The Good, The Bad and The Dividend

Monday and Tuesday I was very optimistic about two of my investments. An Ex-Dividend date released with a 5% yield in just under 2 months for Vianet (VNET.L)  and then there is Starbucks. Starbucks is a long term investment, as it wont make you rich overnight. With a sound structure, the demand will always be there and the position in the market is spot on. The only coffee company that can hurt Starbucks is Starbucks itself. Entering the alcohol and food market can make or break the confidence of the investors. Being an optimist, I think the transition period will be tough, but ultimately it will thrive. I have a lot of faith in the Starbucks board and marketing approach, after all , it has become one of the most recognisable brands in the world, even with their ridiculously long names for drinks.  SBUX <- Take a look if you haven’t already.

Tesco, who knows what investors are thinking about that. Could it be a bargain? or a slippery slope downwards. I chose to invest at a relative low price with a long term intention. Currently its my worst performing stock in my portfolio and is making it look quite sour. Sound problematic? I do not think so, It is too big of an organisation, with a sound structure and market acumen to not bounce back after what has been a terrible 18 months. Ultimately the question is not if, but when will Tesco bounce back. I certainly think they will, hence the investments. I stand by my wins and losses, so if you take my advice, we are in it together!


About andrepartridge
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3 Responses to The Good, The Bad and The Dividend

  1. Pingback: The Good, The Bad and The Dividend – Memoirs of an Investor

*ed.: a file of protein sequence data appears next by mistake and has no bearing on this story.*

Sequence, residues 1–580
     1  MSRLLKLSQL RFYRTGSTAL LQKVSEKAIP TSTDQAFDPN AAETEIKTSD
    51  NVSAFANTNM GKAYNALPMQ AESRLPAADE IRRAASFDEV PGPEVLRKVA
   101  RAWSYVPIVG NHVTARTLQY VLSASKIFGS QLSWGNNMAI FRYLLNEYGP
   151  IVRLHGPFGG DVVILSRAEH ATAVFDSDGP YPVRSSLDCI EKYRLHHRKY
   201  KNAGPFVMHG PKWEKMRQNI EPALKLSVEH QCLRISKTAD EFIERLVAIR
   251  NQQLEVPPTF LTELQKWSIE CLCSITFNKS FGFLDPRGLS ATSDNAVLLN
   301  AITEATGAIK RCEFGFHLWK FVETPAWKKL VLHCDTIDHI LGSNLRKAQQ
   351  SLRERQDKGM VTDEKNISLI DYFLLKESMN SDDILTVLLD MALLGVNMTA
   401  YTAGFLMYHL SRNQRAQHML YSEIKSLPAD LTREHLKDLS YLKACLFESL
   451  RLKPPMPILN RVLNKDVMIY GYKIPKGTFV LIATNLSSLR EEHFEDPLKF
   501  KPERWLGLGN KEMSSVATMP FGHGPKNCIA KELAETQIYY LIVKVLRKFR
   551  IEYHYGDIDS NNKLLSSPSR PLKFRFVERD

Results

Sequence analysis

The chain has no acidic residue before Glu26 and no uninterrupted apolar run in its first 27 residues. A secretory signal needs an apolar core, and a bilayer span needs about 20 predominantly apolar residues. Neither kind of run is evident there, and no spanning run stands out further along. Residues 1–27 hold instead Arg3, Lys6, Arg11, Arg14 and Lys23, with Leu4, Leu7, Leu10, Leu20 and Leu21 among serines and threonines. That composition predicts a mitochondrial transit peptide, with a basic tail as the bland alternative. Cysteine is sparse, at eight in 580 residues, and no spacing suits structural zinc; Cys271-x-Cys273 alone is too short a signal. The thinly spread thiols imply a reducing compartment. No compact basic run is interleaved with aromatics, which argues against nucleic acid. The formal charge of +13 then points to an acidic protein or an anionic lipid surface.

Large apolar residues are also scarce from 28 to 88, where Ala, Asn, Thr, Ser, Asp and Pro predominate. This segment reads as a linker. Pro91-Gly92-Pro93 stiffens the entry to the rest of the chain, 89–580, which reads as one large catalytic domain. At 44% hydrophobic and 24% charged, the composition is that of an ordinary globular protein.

2. cheekos says:

    Many people who actively covet dividends don’t realize what they actually are. A dividend is merely a partial payment of cash that is (generally) on the corporation’s balance sheet. Once distributed, that cash leaves the corporation, generally reducing the share price by an equivalent amount. The receipt of a dividend is a taxable event, whether you reinvest it or not. The exception is that, if the stock is held within a tax-deferred account (i.e. a 401k or IRA), taxes will be deferred until any funds are withdrawn.

    Whether dividends are of value to an investor, or not, depends upon whether you need the cash. Also, if your investment plan remains in growth mode, it might be better for (for you) if the company were to retain the cash on its balance sheet, as long as it can be deployed better from within its overall Business Plan.

    There are some mature corporations, such as energy and utility companies, that have less expansion in their Business Plan. Many other investors (i.e. retirees) do traditionally buy such stocks specifically for those cash dividends. So, when you invest in those companies, you must accept the fact that they generally do pay dividends, whether or not you particularly want them.

    Liked by 1 person

    • Hi Joe,
      Thanks for your comment, very valuable looking at the market movements that occur naturally with dividend payments around the ex-Dividend dates. It seems to be very psychological for new investors, that they see the outcome of the dividends in their account. They are not getting ‘virtual wealth’ but ‘actual tangible wealth’ in the form of a payment. My portfolio is geared up to having certain stocks that have dividend payments, 2% – 7%, yield, along with other companies and corporations that do not pay dividends as they are in the growth stage and is reinvested in RnD.

      I really like the psychology on your final sentence!
      “you must accept the fact that they generally do pay dividends, whether or not you particularly want them”

      Really shows how completely different investing strategies can be!

      The Young Investor


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